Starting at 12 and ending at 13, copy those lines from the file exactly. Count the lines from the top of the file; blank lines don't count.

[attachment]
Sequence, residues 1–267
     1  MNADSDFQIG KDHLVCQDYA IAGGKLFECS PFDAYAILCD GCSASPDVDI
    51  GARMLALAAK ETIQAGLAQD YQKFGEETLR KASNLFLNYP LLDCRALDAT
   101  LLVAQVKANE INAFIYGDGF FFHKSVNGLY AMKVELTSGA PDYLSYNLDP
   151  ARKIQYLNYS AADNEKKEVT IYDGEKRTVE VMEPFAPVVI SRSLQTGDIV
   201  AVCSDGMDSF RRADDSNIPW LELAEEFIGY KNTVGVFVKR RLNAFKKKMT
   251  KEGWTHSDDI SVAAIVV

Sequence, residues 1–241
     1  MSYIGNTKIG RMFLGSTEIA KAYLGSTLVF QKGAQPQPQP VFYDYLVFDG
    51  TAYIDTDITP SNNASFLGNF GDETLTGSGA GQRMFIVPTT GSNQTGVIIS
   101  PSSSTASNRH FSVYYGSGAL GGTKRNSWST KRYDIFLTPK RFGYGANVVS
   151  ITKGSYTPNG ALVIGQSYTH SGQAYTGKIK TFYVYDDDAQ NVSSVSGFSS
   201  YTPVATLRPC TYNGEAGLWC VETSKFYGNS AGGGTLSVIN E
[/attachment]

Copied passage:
   151  ITKGSYTPNG ALVIGQSYTH SGQAYTGKIK TFYVYDDDAQ NVSSVSGFSS
   201  YTPVATLRPC TYNGEAGLWC VETSKFYGNS AGGGTLSVIN E